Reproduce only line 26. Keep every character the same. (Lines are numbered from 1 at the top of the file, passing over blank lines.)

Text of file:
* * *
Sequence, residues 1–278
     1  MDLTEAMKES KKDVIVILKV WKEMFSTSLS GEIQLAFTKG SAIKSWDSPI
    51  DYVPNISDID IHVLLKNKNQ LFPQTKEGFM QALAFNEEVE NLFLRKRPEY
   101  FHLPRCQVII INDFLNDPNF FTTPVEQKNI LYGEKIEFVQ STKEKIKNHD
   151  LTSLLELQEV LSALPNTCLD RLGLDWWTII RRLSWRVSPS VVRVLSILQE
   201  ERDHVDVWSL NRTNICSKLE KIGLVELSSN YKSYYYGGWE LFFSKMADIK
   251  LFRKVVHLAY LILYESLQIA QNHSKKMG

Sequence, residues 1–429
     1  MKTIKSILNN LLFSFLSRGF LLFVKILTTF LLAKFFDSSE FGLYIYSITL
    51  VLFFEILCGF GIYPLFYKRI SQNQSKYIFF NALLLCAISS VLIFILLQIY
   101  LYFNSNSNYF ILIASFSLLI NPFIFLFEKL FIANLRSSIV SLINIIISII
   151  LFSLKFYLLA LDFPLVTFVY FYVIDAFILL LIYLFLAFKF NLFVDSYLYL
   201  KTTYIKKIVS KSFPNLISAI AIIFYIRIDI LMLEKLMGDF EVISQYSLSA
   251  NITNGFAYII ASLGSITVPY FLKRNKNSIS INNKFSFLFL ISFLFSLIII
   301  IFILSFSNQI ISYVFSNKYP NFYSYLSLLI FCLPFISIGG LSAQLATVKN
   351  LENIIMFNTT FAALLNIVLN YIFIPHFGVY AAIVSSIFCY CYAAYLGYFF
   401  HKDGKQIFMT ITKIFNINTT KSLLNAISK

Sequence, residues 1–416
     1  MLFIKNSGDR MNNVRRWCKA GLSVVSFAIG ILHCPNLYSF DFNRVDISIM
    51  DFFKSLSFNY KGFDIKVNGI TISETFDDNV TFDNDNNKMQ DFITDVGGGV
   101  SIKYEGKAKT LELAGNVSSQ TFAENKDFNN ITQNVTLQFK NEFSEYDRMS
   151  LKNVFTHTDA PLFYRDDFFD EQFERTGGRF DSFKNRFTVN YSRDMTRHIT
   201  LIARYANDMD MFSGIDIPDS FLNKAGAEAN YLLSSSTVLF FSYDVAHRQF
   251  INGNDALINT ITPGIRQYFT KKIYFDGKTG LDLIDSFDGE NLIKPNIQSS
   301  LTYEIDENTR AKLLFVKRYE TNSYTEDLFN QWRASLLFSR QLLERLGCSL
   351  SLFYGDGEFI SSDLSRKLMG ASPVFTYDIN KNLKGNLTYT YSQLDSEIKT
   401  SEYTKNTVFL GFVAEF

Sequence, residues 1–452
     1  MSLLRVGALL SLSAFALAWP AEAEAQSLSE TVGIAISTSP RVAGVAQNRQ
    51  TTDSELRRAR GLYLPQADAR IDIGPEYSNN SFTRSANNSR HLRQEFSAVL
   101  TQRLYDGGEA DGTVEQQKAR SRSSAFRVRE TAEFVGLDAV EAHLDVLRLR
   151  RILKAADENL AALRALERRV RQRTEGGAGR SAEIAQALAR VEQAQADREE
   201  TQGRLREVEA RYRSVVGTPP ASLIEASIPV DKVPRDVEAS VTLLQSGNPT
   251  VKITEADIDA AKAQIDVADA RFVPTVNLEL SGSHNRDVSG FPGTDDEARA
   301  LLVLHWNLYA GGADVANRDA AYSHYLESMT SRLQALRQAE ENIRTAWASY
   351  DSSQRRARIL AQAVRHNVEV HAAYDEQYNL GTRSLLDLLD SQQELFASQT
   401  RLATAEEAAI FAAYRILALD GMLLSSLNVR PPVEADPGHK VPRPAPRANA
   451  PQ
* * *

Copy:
   351  SLFYGDGEFI SSDLSRKLMG ASPVFTYDIN KNLKGNLTYT YSQLDSEIKT